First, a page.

In my last post I talked about having a dream of writing for Decibel magazine, a great publication covering most everything heavy in the music realm. I got a gig with the help of some friends. My story went live on the Deciblog yesterday at 3 p.m. I wanted to link to the story here. Please check it out:
Strength Beyond Strength
So many thanks to Decibel, and especially to Justin Norton, who helped get this thing going.
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I hope this article helps people out.
The following is something I wrote in response to our current state of crazy. I encourage anyone who might have mental issues to seek help. Read on.
“(Person), thanks for thinking of me as eloquent in any way. I appreciate that.
I do not mean to put you, or Morgan Freeman, down. I was fed up with much more than people sharing Mr. Freeman’s quote. I didn’t mean to offend. He said something that should be on our minds all the time. It’s not news to me. That’s the reason these kinds of things happen. It’s us. All of us. We’ve all grown more and more apathetic and desensitized to pretty much everything that once caused us—at least some of us—to cringe. I didn’t want to talk about CT for the simple fact that it has been talked about. It’s done. Kids are dead. Teachers are dead. It is horrible. We should talk about ways to fix broken people and a broken system. I was shot and paralyzed by a gun. A gun held by a disturbed and misguided kid. The gun didn’t shoot me. The young man did. Crazy is crazy, and it begins at birth. It can be inherited. Or it can be beaten, or raped, or mentally driven into a person. There’s usually a sign and it can be dealt with. Some people just need help.
Anyway, this is more than I was going to write. It is a general thing, too. Please don’t think it is aimed at you, (Person). Thanks for your response. Appreciate it.”
Racism and intolerance are rampant in America these days. It seems every time I turn on the television someone is bashing someone else, whether it be based on religion, sexual preference, race, gender, or just plain jealousy. It’s rather sickening.
I was shot in the neck—at point-blank range—by a couple of young black men in a predominantly white neighborhood. The shooter and his partner had chosen this particular street for a reason: a “perceived wealth” of its (mostly) white inhabitants. An incorrect notion (I didn’t live in the neighborhood; I was visiting a friend, and was by no means wealthy) that changed not only my life, but theirs as well (the two were later apprehended, tried and convicted to lengthy prison terms).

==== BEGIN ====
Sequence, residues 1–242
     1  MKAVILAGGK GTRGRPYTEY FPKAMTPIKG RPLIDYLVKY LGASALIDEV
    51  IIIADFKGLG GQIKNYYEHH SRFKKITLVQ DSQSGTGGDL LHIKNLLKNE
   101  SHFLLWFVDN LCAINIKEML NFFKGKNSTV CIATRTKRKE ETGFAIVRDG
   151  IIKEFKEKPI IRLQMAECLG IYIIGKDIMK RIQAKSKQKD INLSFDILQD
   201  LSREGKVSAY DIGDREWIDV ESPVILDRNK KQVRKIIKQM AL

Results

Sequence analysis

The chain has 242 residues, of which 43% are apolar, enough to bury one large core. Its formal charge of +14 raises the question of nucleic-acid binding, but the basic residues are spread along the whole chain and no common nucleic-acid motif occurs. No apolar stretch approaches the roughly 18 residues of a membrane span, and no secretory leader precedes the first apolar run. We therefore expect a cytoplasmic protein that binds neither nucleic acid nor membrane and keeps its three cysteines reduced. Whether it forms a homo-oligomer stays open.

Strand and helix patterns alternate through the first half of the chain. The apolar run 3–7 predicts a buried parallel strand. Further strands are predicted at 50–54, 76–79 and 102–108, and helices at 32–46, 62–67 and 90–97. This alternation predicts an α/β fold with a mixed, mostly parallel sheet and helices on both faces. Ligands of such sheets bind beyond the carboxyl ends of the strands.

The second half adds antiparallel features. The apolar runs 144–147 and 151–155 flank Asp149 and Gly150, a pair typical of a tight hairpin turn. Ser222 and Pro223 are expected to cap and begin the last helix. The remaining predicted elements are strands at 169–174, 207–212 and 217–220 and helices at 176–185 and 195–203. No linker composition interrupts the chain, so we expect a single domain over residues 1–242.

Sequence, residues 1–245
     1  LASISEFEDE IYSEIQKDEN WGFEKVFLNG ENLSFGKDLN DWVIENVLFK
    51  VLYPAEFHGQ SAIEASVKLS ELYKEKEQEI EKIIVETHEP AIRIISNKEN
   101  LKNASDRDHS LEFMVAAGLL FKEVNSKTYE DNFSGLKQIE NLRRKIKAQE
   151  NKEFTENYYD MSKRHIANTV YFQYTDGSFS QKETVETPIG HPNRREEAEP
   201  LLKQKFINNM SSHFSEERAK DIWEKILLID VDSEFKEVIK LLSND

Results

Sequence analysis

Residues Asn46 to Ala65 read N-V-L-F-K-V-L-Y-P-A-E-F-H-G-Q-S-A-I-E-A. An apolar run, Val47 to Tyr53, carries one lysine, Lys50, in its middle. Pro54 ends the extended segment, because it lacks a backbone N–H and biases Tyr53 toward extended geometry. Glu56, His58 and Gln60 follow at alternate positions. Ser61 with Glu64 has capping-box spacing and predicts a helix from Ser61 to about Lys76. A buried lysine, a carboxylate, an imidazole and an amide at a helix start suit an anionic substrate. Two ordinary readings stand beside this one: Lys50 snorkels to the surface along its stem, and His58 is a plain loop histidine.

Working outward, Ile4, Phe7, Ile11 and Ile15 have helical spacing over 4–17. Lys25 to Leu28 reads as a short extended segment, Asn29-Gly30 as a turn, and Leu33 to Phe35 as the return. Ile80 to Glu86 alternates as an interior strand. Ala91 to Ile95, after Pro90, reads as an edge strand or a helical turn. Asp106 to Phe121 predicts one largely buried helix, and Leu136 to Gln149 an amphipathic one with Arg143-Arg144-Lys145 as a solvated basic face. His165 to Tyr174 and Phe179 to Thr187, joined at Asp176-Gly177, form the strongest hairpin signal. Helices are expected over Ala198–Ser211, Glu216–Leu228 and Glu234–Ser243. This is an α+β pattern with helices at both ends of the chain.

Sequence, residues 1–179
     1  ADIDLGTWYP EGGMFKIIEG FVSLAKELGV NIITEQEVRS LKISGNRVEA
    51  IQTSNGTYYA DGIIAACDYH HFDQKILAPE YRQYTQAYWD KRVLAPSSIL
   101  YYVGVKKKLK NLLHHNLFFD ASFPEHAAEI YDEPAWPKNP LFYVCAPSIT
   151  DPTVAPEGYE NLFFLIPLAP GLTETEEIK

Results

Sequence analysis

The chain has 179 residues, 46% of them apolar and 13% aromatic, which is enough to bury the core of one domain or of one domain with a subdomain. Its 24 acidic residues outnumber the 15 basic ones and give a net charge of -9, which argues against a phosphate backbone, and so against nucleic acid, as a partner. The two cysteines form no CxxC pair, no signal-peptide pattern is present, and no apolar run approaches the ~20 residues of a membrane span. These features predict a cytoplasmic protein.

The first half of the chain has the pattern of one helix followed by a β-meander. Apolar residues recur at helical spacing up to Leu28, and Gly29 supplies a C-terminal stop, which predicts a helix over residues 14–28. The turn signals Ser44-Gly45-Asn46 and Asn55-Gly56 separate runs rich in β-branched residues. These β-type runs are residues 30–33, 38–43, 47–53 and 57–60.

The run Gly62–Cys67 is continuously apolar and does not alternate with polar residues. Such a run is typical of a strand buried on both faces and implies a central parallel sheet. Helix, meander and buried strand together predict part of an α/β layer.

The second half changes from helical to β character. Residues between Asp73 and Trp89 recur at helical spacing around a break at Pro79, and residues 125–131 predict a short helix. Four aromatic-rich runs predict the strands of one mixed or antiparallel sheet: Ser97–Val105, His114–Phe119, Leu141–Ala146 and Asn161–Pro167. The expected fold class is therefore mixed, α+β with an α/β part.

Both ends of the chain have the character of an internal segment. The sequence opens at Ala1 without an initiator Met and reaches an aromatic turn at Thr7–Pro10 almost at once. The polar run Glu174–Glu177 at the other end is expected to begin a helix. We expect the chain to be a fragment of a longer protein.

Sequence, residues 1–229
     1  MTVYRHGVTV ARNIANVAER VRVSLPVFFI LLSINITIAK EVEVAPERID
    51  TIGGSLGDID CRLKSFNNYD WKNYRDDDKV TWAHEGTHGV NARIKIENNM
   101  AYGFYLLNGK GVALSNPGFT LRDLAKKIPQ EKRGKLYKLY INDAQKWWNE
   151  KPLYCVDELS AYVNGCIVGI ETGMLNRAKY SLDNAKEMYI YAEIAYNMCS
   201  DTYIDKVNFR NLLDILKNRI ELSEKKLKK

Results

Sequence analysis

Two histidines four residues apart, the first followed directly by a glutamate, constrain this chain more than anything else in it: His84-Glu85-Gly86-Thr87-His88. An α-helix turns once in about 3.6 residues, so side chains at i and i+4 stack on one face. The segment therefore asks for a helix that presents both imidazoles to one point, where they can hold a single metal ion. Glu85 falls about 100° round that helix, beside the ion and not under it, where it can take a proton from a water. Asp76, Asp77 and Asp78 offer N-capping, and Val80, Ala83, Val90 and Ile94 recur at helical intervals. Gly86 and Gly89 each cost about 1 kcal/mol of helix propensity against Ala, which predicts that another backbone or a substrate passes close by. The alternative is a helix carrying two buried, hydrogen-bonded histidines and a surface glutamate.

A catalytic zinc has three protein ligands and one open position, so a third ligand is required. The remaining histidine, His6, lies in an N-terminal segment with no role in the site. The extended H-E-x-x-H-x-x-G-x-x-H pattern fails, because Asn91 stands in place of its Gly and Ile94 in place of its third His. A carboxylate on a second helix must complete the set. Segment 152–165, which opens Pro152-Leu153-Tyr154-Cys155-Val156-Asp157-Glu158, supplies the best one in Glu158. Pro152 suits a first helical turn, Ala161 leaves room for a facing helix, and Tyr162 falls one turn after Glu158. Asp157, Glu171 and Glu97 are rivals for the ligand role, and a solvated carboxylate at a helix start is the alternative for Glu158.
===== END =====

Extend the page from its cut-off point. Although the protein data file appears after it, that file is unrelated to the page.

Does this mean I should hate all young black men? If the perpetrators of the crime had been a pair of young white men would it have made a difference? No, the outcome would be the same. I’d still be paralyzed from the chest down; a quadriplegic. Understandably, I could dwell on the fact that the duo was black and hate them for it, but why? In fact, I’m almost sorry they were black. It only serves to perpetuate the myth that all young black men are, indeed, thugs. This is far from the case. To condemn an entire race based on the actions of two misguided kids would be a tragedy… for me.
It’s easy to be against something. It’s easy to hate things (including people) we are not accustomed to. It’s easy to ignore major problems such as discrimination or flat-out racism. It’s hard, though, to face facts, rethink, open up and get involved with people that may not fit into our “normal” comfort zones. It’s hard to swallow our pride and allow change into our hearts and minds. It is, however, very important that we try to do just that. If not, understanding and acceptance can’t exist in this world we share. And we do share it, whether we like it or not. Maybe we will all get it right one day. I guess time will tell.
I’m in utter disbelief that aspirento.com has had 1,000 views in less than a week. That blows my already blown mind. Thanks so far.
In the early morning hours of June 28, 2008, I was standing with my friend and bandmate, David Williams, having a beer. We had just played our first show as a band, and were waiting for some friends so that we could celebrate. We were approached by two young black men. We had a quick conversation regarding drugs. They asked if we wanted any, we declined. We offered them a beer. They accepted. After a few moments, they walked away. About five minutes passed; they were back.
A gun was pressed into my neck. Before I could say anything, he fired. I fell paralyzed. The bullet had passed through my neck and entered Dave’s neck. He hit the ground but was able to crawl over to me and grab my cell phone. He called 911. I suffered a spinal cord injury at my C-5/6 level. I am paralyzed from the chest down. Dave survived with a damaged vocal cord but is otherwise fine. I have limited use of my hands. That doesn’t stop me from producing art. Thank you for reading and having an interest. Please visit my booth.